[AI] Tyler will write up the security scenarios and mail them to the list.
VidMid VC Conference Call April 5, 2004
Nadim El-Khoury, UNC
Tyler Johnson, UNC
Tarun Abhichandani, CGU
Jill Gemmill, UAB
Paul Hill, MIT
Lisa Hogeboom, Internet2
Steve Olshansky, Internet2
The BoF session at the Internet2 Member meeting is scheduled for Monday -
April 19th from 1 -2: 30 PM. Jill will talk about the cookbook.
Tyler stated that the end of the month is the deadline for submission for the
ITU-T study group 16 raconteur meeting in Beijing in May. This is an
opportunity to present something to the expert group meeting and get feedback
and buy in on scenarios and design goals. Tyler will discuss the scenarios
and design goals at the BoF.
Real Time Communications Summit at the member meeting will cover two
back-to-back sessions. The participating working groups will present their
views and panelists will respond and discuss during two hour-long
back-to-back sessions. More information is available at:
Jill gave an update on the H.350 workshop. 60 people attended with 15 - 20
from industry, including Cisco, and Polycom. University attendees were
interested in deploying H.350 once they returned to campus, so there might be
visible deployment as a result of the workshop. Most of the interest in H.350
was from VoIP and service providers.
Jill also indicated that the directory of directories software is now
working. It stores an index with pointers back to the original data and
provides more scalable search capability.
Scenarios for Shibboleth:
The goal is to work towards a standard and includes three areas of focus.
2. Design goals
3. Principles. For example, there are multiple autonomous institutions
operating and there are no prearranged security policies between them, or
even prior knowledge of existence but must accomplish this application in
One scenario is a service provider that can share with multiple institutions.
Is it a requirement that the service provider have an arrangement ahead of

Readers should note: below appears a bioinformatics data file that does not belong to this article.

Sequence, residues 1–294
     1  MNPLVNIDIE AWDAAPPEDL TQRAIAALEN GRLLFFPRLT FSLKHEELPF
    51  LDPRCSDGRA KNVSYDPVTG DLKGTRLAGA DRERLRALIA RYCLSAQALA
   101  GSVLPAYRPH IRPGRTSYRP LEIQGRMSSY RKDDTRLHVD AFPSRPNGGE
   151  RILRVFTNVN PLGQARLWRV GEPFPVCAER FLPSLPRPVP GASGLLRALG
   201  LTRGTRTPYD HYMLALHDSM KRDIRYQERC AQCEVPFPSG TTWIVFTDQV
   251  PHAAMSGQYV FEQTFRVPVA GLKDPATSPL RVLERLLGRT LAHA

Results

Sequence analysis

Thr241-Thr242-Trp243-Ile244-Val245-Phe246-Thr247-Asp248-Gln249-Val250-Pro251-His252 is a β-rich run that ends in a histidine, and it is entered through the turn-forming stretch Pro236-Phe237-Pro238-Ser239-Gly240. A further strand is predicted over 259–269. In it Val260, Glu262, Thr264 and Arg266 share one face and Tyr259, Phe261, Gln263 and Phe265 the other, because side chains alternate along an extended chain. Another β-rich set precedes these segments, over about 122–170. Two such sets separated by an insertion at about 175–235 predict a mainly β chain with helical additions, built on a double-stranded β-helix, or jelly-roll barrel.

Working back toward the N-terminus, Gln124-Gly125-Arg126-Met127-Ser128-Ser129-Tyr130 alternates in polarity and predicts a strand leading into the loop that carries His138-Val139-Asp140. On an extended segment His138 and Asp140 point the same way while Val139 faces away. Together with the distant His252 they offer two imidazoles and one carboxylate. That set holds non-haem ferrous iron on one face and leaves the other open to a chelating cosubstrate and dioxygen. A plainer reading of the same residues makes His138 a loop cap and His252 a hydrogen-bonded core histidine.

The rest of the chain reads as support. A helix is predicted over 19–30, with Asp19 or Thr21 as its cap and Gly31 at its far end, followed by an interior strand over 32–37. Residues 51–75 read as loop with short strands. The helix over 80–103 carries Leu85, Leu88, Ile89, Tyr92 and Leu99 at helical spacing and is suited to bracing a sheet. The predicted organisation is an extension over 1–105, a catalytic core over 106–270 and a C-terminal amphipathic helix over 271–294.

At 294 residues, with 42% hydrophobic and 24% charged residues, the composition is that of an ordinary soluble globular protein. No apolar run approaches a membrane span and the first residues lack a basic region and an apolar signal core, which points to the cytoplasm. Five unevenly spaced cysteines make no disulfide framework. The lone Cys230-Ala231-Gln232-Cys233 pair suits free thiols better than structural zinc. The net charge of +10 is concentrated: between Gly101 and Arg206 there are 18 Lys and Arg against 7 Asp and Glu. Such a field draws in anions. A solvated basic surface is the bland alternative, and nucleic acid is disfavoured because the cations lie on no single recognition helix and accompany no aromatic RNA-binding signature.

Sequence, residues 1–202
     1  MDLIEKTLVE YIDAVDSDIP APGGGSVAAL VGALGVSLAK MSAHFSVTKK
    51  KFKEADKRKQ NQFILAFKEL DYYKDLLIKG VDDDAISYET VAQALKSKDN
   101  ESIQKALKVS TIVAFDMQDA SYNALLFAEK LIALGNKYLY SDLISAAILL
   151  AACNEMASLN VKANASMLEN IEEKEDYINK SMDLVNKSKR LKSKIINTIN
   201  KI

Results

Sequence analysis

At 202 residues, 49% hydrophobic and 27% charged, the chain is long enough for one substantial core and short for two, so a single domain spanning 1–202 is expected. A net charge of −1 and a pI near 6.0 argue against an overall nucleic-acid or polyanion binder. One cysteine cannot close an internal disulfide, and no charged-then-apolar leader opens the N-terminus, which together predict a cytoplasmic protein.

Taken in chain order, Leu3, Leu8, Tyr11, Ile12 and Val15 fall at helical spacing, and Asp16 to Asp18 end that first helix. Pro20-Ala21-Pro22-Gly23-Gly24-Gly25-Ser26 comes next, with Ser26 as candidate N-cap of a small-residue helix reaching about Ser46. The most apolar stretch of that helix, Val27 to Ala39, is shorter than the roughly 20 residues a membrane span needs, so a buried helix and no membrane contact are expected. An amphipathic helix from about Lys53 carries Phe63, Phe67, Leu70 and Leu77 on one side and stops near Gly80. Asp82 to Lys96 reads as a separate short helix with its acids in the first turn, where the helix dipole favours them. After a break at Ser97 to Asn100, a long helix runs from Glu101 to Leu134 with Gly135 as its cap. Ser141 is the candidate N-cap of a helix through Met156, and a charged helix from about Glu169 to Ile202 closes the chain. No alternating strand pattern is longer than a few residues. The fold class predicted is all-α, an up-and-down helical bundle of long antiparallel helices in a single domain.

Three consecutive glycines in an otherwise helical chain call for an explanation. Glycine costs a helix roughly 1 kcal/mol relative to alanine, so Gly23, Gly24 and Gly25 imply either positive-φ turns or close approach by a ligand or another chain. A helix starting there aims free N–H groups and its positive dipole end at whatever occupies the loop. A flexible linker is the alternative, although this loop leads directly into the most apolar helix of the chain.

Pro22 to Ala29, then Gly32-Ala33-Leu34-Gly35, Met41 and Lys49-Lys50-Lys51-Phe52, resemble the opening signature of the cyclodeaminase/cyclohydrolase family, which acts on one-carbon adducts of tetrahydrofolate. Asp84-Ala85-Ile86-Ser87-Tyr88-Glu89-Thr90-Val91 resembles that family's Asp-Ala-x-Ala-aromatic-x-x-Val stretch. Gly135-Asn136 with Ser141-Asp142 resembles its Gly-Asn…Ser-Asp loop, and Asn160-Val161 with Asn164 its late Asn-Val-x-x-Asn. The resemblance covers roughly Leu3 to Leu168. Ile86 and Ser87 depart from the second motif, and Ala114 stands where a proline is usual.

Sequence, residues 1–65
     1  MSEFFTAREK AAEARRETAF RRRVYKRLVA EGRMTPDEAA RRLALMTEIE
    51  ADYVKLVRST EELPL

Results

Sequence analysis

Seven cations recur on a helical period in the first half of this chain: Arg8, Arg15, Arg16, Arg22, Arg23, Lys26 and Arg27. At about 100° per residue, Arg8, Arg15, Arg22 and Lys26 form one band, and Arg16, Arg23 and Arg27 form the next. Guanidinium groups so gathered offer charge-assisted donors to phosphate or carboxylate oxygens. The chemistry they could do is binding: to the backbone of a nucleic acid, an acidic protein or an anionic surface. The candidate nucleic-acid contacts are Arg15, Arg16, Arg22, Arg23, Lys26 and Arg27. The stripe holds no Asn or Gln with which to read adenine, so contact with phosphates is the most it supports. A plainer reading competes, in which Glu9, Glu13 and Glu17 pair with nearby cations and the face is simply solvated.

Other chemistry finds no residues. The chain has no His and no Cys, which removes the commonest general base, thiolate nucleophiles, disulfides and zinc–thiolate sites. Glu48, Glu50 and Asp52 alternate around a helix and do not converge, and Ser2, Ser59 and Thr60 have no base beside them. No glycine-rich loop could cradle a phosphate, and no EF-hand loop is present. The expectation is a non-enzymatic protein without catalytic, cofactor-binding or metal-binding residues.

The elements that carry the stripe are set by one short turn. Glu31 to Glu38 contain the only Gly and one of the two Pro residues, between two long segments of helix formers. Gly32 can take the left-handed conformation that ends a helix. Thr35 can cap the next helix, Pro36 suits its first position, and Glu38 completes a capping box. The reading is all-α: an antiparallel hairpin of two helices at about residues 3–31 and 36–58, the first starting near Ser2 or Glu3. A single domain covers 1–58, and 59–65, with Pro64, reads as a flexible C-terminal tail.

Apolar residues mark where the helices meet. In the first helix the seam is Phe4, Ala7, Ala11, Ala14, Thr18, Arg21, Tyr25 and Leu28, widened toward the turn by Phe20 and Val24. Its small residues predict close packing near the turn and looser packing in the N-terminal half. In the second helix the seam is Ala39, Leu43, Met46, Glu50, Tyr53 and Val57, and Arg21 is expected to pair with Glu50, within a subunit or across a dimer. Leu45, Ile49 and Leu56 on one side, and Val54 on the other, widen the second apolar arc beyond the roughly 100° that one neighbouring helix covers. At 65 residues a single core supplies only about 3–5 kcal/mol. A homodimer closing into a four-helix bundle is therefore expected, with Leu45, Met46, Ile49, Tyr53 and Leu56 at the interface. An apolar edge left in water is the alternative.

time with those multiple institutions? Or can the provider determine on the
fly that he is going to authorize someone from a different security realm to
access the resource? Service providers want the ability to have anybody to be
able to use the service without a pre-existing arrangement if they can pay
for it at the time of the usage. Similar to a payphone, you don't have to
have an ongoing or pre-existing relationship to use one. It also may be the
case that all devices are not on an IP network.
Another scenario is multi point authentication. On a multi-point call we may
not know who all is on, and if people need to be authorized to join a call,
how will that be handled? By a moderator or can callers "sponsor" new callers
on their own authorization? A policy might be set on the MCU about who would
be let into a call. Almost like a person with pre-arranged ideas about
authorization. Ad hoc ability to admit callers would need to be
supported/configurable as well. There is no one size fits all solution.
Configurability is the key.
A third scenario is a Grandmother goes to Circuit City and buys a
conferencing system to talk to her grandkids. She wants to be able to do it
securely but doesn't have a service provider, a gatekeeper, or call server.
How can that be provided? An alternate example might be using a wireless
network at Starbucks, where there is no identity service provider or
middleware infrastructure. There may be many users that want to use this type
of technology and have very little access to high-end middleware. To be
successful, there needs to be a way to do this with no infrastructure. It may
need to be a capability of the device to take a name or other info and create
a self-signed lightweight token for use that provides some level of secure
authentication and might be discarded at the end of the call.
There is also the consideration that video is done over a different port than
the web browser. And there may be a firewall as well. How will a port be
opened for the call? How would credentials, if needed, be presented to make
that call? There may be a need to share credentials at intermediate points
along the path as well as at the endpoints. Examples include the wireless
access point, firewall, service provider, and in-between.
The processing requirements have to be low enough to run on devices like a
cell phone or PDA. Other requirements are very little memory, low latency,
and low processing speed.
Architecture comes into play as well, in H.235 a lot of time is spent
authenticating because it's stateless.